I CARE for my elderly mum and as she becomes more frail, I am having to do more, can I get any support with this?

It is good to think ahead and plan for some support now rather than waiting for things to become unmanageable. The first to do would be for your mum to chat to her GP to rule out any medical condition that could be contributing to her frailty.

Care services are available to help people who need support because of illness, disability, a mental health problem or an addiction.

Don't forget to think about your own health and needs, so please ask what support is available to you as a carer. To find out what help your mum needs, ask for an assessment of your care needs - also called a care assessment or care needs assessment.

As a carer, you should also ask for a carer's assessment to assess what help you might need. Your local council's social care department provides both free.

If you visit the Care Information Scotland website www.careinfoscotland or call the team on 0800 011 3200 you can find out your local council's contact details. They will also be able to signpost you to other organisations such as Carers Trust Scotland, Carers Trust and Age Scotland.

These organisations offer a range of support and advice, which can include, emotional support, training, and help for carers who work or study.

As you provide care for your mum, you may also be eligible for the flu vaccine, which is available from October to March. Speak to your GP or nurse for more information.

I'VE recently been told I have low blood pressure. I was just looking to find out what normal blood pressure is for an adult.

As a general guide, low blood pressure is a reading of 90/60 or less.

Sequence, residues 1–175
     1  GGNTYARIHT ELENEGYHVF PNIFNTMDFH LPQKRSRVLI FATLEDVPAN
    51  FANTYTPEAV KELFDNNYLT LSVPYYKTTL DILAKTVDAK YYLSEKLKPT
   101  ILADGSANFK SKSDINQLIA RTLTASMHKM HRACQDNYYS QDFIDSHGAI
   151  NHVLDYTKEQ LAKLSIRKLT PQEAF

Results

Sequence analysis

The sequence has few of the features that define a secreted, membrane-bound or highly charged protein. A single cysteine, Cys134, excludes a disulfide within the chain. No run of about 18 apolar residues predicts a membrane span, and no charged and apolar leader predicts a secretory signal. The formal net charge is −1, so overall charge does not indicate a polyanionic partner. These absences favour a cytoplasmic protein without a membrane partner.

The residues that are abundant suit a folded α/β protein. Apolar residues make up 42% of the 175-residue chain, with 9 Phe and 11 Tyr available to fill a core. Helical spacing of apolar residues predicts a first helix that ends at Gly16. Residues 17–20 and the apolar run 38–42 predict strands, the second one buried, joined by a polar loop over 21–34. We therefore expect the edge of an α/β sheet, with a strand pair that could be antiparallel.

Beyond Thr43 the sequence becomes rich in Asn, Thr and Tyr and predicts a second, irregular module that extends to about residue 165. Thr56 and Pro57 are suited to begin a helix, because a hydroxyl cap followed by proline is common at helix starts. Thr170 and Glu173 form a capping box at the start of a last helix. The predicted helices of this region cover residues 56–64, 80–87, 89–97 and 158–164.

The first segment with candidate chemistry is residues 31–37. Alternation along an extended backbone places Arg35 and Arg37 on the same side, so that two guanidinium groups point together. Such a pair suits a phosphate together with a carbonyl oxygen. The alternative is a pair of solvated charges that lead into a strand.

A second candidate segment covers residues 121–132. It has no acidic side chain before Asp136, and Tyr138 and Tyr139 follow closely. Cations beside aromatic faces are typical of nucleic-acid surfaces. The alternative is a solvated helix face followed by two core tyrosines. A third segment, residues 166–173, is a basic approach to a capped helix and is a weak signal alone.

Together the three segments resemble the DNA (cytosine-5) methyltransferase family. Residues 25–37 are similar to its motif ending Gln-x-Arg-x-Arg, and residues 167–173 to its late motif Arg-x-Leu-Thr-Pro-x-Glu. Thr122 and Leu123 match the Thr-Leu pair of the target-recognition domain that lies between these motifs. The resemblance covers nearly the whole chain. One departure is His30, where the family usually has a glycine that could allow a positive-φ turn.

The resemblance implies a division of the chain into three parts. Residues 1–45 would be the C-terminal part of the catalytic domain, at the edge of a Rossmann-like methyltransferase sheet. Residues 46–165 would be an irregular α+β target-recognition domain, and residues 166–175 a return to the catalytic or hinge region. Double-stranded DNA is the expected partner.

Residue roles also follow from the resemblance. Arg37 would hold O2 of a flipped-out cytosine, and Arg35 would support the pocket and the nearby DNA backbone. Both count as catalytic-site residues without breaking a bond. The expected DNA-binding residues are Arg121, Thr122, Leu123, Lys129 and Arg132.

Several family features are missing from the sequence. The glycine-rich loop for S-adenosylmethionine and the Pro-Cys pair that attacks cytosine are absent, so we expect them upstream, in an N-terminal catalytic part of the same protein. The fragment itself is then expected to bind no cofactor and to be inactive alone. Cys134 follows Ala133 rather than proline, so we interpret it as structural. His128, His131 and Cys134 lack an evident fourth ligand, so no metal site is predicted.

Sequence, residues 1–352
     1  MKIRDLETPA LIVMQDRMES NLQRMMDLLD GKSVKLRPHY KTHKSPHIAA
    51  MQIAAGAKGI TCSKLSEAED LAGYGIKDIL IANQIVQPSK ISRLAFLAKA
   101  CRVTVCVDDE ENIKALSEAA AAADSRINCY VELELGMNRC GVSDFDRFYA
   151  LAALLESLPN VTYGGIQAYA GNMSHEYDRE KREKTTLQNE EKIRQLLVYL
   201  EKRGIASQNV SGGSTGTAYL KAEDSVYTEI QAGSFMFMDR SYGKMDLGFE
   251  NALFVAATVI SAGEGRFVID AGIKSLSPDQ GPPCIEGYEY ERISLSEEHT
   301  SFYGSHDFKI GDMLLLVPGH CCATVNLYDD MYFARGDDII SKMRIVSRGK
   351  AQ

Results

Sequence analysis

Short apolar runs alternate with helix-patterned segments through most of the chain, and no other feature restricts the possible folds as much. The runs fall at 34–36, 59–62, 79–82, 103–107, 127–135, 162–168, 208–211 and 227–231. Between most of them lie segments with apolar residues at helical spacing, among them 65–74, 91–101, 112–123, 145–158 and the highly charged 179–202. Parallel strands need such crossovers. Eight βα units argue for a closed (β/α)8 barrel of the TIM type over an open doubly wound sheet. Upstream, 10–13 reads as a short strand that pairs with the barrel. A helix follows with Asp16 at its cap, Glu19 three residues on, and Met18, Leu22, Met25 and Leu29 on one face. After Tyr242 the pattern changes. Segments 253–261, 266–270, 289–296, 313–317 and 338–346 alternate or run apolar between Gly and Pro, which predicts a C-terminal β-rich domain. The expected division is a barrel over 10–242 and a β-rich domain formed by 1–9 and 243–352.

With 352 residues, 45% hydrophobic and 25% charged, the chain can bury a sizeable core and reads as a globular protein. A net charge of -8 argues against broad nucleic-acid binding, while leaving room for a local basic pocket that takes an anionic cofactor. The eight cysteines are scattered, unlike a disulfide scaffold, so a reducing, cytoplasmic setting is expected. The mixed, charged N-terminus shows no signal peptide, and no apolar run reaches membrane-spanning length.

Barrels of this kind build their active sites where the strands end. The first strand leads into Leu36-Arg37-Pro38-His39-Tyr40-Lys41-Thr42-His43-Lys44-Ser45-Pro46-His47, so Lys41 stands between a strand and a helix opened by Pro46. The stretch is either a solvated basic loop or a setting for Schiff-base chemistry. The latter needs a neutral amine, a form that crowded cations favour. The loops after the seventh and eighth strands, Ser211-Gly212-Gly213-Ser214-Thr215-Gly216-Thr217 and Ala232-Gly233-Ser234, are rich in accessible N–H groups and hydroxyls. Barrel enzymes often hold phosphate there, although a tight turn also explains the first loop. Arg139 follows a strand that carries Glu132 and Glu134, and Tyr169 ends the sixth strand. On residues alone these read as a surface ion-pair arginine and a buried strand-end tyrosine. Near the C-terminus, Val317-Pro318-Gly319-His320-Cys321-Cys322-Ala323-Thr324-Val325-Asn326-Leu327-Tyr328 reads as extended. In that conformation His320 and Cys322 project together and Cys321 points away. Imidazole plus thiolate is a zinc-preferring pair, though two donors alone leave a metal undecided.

However, it is not necessary for both your systolic and diastolic readings to be in this range for it to be considered low blood pressure.

For example, a reading of 80/65 would be considered low because the systolic number is in the low range, and 100/55 would also be considered as low because the diastolic number is in the low range.

If you have low blood pressure, you do not need to worry.

Having low blood pressure is considered healthy as it protects you from the risks and diseases associated with high blood pressure. You will only need to have treatment if you are experiencing symptoms because of your low blood pressure.

WHAT is Kyphosis?

Everyone has a slightly curved spine but Kyphosis is an abnormal curving that causes the top of the back to appear hunched.

In mild cases of Kyphosis, there will be no other symptoms. More severe cases can associated with back pain and tenderness. Very severe cases can cause difficulties with breathing or eating.

A physical examination by your GP can confirm an abnormal curve in the spine. They may ask you to do simple exercises or lie down in order to confirm the diagnosis. Some curved spines are associated with back posture and can be corrected by sitting correctly and exercising to strengthen the back.

Treatment depends on the type of Kyphosis, and whether the curve in the spine is causing pain or any other symptoms. Surgery is not usually required, unless Kyphosis is severe. Children with Kyphosis may find their symptoms improve by the use of a back brace.